For Federal employees and U.S. Postal workers who suffer from a medical condition such that the medical condition prevents the Federal or Postal worker from performing all of the essential or basic elements of one’s Federal or Postal position, it may be time to consider filing for Federal Disability Retirement benefits.

And, like the snippet above extracted from a short story, complications can occur throughout, and it is the OPM Federal Lawyer who will be able to address those complications, whether in the early morning hours or late in the evening.

Sincerely,

Robert R. McGill, Lawyer

 

OPM Disability Retirement Law: Pronounced Uncertainty

These are uncertain times.  Global upheaval has always been the norm; “peace”, if merely the absence of war, has been a rare moment in these decades of forever wars.  Stability is what most people seek — of an opportunity to have the economic and political calm in order to pursue dreams, goals and career choices.

But when uncertainty becomes so pronounced that future plans become threatened, a level of anxiety begins to prevail, leading to delays and dismay of hopeless despairMedical conditions, as well, have the same influence on a personal level.  For, medical conditions — whether chronic or acute — lead to a pronounced sense of uncertainty and hesitation.

For Federal employees and U.S. Postal workers who suffer from a medical condition such that the medical condition no longer allows you to perform all of the essential elements of your Federal or Postal job, contact an OPM Federal Disability Retirement Lawyer and consider the option of filing an effective Federal Disability Retirement application in order to stabilize the future plans which have become of pronounced uncertainty.

Sincerely,

Robert R. McGill, Lawyer

 

Federal Disability Retirement: The Grace of Good Health

It is true in both senses: of the grace of movement which good health allows for, and the grace bestowed in allowing for good health.  When that grace is withdrawn, we suddenly recognize how much we took it for granted.

We cannot, of course, live our days constantly thankful for that gift; for, if we constantly declare how “thankful” we are, we would waste our time by not doing what good health provides: the capacity to live a productive life — aside from the fact that it is irritating to meet a person who is constantly saying things like, “Oh, I am so thankful!” Or “Isn’t it great to be alive!”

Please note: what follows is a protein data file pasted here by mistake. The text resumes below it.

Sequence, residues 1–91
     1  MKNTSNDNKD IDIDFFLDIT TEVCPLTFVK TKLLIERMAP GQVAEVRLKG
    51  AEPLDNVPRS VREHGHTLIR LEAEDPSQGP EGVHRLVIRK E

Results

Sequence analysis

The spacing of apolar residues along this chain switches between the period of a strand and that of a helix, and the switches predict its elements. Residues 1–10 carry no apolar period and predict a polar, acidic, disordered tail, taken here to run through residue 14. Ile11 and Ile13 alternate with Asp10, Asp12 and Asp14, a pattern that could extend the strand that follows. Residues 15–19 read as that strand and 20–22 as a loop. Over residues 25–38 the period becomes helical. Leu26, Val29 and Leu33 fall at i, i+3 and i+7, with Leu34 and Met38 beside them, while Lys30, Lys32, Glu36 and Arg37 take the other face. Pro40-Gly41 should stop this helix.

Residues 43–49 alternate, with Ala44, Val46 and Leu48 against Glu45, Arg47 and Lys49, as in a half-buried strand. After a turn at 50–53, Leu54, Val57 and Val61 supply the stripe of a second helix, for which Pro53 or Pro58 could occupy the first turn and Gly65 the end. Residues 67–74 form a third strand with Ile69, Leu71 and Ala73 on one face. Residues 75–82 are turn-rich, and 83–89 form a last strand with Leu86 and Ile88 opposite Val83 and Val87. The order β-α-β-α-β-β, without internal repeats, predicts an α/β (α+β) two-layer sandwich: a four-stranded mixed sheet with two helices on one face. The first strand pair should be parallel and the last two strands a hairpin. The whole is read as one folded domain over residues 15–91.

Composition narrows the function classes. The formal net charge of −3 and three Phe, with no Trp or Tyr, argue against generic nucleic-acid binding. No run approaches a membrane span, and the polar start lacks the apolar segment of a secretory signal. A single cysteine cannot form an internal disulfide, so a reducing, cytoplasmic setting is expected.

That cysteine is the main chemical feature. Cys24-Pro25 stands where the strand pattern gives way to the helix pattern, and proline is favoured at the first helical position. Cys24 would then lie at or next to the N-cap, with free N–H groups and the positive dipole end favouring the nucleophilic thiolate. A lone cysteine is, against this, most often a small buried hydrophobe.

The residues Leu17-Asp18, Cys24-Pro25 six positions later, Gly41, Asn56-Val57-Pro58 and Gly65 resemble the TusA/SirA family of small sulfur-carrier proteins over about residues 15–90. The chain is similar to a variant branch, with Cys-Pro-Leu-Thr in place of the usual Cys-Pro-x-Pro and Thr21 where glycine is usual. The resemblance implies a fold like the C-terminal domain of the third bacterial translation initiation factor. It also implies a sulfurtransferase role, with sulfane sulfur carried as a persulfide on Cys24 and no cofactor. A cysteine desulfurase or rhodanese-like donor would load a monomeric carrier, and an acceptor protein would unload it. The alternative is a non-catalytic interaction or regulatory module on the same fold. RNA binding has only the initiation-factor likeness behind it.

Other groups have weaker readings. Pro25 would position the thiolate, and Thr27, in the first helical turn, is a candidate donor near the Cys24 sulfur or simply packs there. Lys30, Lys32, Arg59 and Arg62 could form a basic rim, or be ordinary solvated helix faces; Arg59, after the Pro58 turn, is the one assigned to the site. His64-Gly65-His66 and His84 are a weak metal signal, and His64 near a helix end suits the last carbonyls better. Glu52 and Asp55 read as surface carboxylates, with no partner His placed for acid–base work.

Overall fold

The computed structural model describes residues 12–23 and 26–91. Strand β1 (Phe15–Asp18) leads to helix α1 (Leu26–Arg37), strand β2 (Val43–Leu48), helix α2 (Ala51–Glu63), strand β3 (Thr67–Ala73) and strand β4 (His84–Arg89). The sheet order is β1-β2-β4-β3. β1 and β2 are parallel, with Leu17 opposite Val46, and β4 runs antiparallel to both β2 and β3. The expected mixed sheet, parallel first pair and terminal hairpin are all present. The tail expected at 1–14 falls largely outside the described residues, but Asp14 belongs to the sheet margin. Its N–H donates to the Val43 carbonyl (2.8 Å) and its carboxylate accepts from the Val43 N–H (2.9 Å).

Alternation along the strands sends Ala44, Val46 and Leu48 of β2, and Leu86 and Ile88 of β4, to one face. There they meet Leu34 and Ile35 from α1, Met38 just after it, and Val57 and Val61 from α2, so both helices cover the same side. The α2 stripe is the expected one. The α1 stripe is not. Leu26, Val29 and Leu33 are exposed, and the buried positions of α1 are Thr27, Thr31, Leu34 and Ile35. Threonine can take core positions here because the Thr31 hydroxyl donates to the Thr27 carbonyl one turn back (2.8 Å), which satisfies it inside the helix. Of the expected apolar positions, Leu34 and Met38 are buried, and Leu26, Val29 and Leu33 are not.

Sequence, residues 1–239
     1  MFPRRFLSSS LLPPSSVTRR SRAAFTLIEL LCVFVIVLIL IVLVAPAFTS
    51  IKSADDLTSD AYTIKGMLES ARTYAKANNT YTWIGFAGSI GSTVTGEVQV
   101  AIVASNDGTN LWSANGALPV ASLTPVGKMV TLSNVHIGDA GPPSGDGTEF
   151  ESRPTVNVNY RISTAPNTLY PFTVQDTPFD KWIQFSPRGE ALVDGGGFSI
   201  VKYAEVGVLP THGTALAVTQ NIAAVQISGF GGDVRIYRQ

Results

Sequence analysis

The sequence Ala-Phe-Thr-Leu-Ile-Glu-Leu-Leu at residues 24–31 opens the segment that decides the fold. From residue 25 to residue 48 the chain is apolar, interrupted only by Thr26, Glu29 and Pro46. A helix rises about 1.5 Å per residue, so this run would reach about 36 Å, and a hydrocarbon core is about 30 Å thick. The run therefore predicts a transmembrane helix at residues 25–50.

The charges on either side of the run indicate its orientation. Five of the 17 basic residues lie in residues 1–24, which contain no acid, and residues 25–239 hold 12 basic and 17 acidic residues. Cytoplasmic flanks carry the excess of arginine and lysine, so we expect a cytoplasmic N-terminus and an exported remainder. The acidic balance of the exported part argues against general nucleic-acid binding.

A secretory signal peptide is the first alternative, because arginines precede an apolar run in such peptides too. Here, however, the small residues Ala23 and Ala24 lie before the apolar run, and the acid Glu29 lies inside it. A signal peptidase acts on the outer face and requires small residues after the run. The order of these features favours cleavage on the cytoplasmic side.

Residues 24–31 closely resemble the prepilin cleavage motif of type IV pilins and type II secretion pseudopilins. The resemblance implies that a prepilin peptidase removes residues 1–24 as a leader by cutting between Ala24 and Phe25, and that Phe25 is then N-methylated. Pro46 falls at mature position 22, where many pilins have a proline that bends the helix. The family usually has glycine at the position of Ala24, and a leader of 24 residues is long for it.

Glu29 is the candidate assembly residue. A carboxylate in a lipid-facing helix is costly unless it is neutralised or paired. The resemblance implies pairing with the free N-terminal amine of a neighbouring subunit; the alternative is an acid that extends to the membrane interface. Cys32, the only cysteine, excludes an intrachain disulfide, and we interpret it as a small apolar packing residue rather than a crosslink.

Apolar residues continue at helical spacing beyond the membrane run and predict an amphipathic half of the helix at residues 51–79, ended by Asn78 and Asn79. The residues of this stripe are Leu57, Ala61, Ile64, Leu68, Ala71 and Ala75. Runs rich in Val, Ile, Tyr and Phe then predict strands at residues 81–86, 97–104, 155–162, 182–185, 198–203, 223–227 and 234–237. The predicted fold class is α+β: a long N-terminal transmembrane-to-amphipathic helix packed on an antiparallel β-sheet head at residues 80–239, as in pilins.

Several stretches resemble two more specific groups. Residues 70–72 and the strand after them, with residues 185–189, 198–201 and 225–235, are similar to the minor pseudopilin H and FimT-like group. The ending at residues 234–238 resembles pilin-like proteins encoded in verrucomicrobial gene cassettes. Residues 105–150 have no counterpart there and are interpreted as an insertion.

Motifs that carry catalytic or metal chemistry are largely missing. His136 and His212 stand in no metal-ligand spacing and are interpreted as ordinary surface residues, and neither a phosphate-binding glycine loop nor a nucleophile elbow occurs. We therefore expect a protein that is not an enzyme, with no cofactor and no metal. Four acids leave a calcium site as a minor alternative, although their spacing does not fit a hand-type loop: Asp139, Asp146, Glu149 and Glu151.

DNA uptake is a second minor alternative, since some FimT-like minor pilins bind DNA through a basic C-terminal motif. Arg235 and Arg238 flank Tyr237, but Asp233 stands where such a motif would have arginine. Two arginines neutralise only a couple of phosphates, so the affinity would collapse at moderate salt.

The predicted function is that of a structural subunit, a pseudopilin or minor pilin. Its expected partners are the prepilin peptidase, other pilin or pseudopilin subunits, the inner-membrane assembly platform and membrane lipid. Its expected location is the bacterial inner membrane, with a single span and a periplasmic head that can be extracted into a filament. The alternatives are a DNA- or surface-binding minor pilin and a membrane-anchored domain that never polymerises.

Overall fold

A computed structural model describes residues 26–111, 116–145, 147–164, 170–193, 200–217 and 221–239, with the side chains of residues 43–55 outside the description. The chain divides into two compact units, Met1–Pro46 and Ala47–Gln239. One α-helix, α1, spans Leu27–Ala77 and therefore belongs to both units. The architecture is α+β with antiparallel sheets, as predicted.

The point is to show one’s appreciation by living well, and to not abuse or misuse the grace which is bestowed.  It is fine to be thankful; it is irritating to keep thanking over and over again, and becomes an embarrassment after the third time.

For Federal employees and U.S. Postal workers who suffer from a medical condition such that the medical condition prevents the Federal or Postal employee from performing one or more of the essential elements of one’s Federal or Postal job, the grace of good health has been partially withdrawn.

It is not, fortunately, “total disability” which needs to be proven, but a lesser legal standard of being unable to perform one or more of the essential elements of your Federal or Postal job.  For that, you can be thankful, and can more easily meet the legal criteria for Federal Disability Retirement — but please, not to an irritating degree.

Sincerely,

Robert R. McGill, Lawyer

 

OPM Medical Retirement Legal Representation: Inertia

It is the comma before death, the pause before becoming lifeless.  For a living entity, it is tantamount to self-destruction.  It is the point of inactivity and the silence of the moonscape where life perhaps once was, but the dust which settled has been there for quite a bit of time.

Inertia is not the natural state, but an unnatural one when life is at stake.  Observe the birds and their activities; the crocodile who lays still at the bottom of a bog, only to suddenly lunge for its prey who considered that the water’s inertia was a safe haven of seeming quiet; or the constant and perpetual motion of a squirrel who seeks the nut dug and safely hidden the previous week or month.  In all, the negation of inertia is life itself.

For Federal employees and U.S. Postal workers who suffer from a medical condition such that the medical condition prevents the Federal or Postal employee from performing one or more of the essential elements of one’s Federal or Postal job, inertia constitutes the progressive decline of one’s past history of productivity and career.

Countering that inactivity — in other words, to fight against inertia — is to seek a different career, a diverging path and an alternate course of living; and filing for Federal Disability Retirement is one option to consider.

Call a Disability Retirement Lawyer who specializes in FERS Disability Retirement and consider the benefits of rebutting the progressive inertia of a medical condition.  For, inertia is the rule against life; productivity, the law of living nature.